The music scene as we know it would not be the same without the influence of the LGBTQ + community. We probably all know and love songs by Queer artists.
The work of iconic LGBTQ + musicians has helped reaffirm the identities of millions of people in the community over time. We’d be lost without these artists, and it’s impossible to imagine our community as strong as it currently is. Today, I’m going to tell you part of this story, the one that has bolstered our sense of pride about identity and sexual and gender orientation. We will look at some of the key figures who completely changed not only the music industry but also the way we see the world, artists who, over the course of the last 100 years, have helped us express ourselves freely on this versatile planet we call Earth.
Same-sex love has always been around, so when music started being recorded, this concept was present in it. The first Queer record is considered the “Prove It on Me Blues” by Ma Rainey (1927) which contains the lyric, “It must’ve been women, ’cause I don’t like no men.” Rainey is known as the Mother of the Blues, and she was a mentor to Bessie Smith, a big influence on Billie Holiday, and one of the first people to sing accompanied by a jazz band. Following this track was Lucille Bogan’s “B.D. Woman’s Blues, ”(B.D. being the slang for lesbian women), and artists like Sister Rosetta Tharpe, Mamie Smith, and Sippie Wallace, all of whom challenged traditional ideas of femininity, race, identity, and gender. As time went on, jazz and blues continued to provide a safe place for Queer expression.
An early-morning raid on June 28, 1969 (now International LGBTQ+ Pride Day) on the Stonewall Inn pub in the New York neighborhood of Greenwich Village, unleashed demonstrations and violent protests from the LGBTQ + community. This event is considered the catalyst for the modern movement. The pub raided was home to some of the most marginalized people in the community; every night patrons danced along to songs on the jukebox by Barbra Streisand and Diana Ross. Other popular tracks were “Everybody’s Talkin’” by Harry Nilsson from the movie Midnight Cowboy and “You Don’t Own Me” by Lesley Gore, who would later come out of the closet.
During the 70’s and 80’s, Freddie Mercury, Boy George, Grace Jones, George Michael, Prince, and David Bowie made their own, authentic way in the world, bringing nuance to this freedom of expression due in part to the ambiguity of their sexualities and the quality of their productions. There is explicit Queer content in videos like Frankie Goes to Hollywood’s “Relax,” the Village People’s “YMCA,” and Bronski Beat’s “Smalltown Boy,” and these songs continue to be anthems around the world for people of all identities.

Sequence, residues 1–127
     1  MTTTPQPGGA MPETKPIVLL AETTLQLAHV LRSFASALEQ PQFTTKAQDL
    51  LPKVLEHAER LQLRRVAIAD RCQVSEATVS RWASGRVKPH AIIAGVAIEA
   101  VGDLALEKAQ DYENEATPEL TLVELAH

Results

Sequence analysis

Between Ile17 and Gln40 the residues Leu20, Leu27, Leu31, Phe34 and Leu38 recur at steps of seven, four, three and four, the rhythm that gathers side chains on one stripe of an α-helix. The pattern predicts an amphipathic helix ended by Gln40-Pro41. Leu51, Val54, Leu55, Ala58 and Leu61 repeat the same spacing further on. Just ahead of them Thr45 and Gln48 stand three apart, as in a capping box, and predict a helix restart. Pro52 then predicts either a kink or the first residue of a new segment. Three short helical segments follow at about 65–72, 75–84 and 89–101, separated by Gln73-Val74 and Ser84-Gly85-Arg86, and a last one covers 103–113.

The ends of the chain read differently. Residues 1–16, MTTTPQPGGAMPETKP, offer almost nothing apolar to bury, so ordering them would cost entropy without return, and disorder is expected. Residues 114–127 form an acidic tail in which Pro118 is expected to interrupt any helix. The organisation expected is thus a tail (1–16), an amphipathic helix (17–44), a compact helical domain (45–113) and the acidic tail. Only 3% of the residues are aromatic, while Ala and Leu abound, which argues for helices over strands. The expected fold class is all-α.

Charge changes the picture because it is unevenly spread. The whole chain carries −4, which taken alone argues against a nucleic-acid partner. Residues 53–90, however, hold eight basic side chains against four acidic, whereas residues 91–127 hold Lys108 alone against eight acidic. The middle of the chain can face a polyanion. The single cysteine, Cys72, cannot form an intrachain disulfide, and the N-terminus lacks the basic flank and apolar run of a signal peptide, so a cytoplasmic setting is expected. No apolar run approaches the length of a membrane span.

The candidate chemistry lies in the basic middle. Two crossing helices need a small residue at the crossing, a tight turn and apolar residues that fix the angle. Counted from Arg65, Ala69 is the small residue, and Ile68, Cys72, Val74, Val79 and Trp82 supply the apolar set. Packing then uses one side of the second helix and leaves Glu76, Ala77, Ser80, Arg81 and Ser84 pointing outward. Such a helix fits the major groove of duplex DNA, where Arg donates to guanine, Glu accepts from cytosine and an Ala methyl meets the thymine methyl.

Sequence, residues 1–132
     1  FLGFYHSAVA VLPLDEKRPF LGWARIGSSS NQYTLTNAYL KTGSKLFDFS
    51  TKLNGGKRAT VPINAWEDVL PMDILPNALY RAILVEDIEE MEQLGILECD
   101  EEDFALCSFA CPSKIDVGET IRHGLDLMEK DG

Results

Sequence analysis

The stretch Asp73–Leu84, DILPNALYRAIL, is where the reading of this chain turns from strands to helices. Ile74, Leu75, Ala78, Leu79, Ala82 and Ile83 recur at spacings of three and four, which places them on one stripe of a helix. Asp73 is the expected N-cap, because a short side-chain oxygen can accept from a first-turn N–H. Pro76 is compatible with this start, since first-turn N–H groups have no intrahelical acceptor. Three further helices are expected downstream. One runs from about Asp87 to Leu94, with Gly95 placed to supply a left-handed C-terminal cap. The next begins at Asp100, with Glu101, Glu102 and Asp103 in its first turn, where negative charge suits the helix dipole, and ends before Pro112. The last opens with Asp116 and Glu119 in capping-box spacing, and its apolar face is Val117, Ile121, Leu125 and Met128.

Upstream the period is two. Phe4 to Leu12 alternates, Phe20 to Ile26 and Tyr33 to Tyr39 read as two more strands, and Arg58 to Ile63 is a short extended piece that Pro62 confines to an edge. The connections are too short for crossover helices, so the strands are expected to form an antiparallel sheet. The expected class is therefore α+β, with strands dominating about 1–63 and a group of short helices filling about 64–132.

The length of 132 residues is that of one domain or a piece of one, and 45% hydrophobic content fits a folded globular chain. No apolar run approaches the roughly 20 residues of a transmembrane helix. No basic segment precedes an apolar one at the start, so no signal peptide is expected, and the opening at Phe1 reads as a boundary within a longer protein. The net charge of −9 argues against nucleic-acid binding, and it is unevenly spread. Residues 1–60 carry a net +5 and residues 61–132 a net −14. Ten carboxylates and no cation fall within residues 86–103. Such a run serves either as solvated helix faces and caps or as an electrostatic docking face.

Then, there was the rise of ballroom subculture in the 80’s. This subculture was embraced by the drag community and created safe spaces for voguing competitions, which were judged on attitude, dress, and dance skills. Trophies were awarded to different “houses” of performers. One of the most representative songs of the time was obviously “Vogue” by Madonna. Now, artists like Lady Gaga, FKA Twigs, and Ariana Grande incorporate elements of voguing into their own musical narratives, making these artists important icons for the community. Back in the 80’s, Elton John and Cindy Lauper, who were openly gay, also reached the peak of their careers, on two different continents and with two distinct vibes.
The 1993 version of the Pet Shop Boys’ song “Go West” (originally by the Village People) shot to the top of the charts around the world. The lyrics go: “Where the air is free, we will be what we want to be. Now, if we get going, we will find our promised land. ” These types of messages were increasingly common; however, few songs reached the mainstream in such a way.
These are not the only artists to have contributed their music and messages of freedom of expression; many others have also helped carve the path to greater acceptance. In this new era, the road has been a bit easier (and more profitable) because many artists open about their non-heterosexual orientations. There are so many examples, from Janis Joplin to Peaches to Katy Perry, whose song “I Kissed A Girl” addressed bisexuality. Then, there is Lady Gaga’s “Born This Way,” which promotes acceptance and self-esteem; Frank Ocean, who is one of the few rappers to have ever come out of the closet; Janelle Monáe, who talks about being pansexual; and Sophie, who is trans and working on avant-garde pop sound with Charli XCX; Kim Petras, and Madonna.
We’ve made a playlist of songs that forever changed the LGBTQ + world. These tracks made a mark on certain eras, shattered stereotypes, and became anthems for the community, and we continue to dance to them today. We hope you enjoy this selection, and remember, love is love.
By Sussy Oh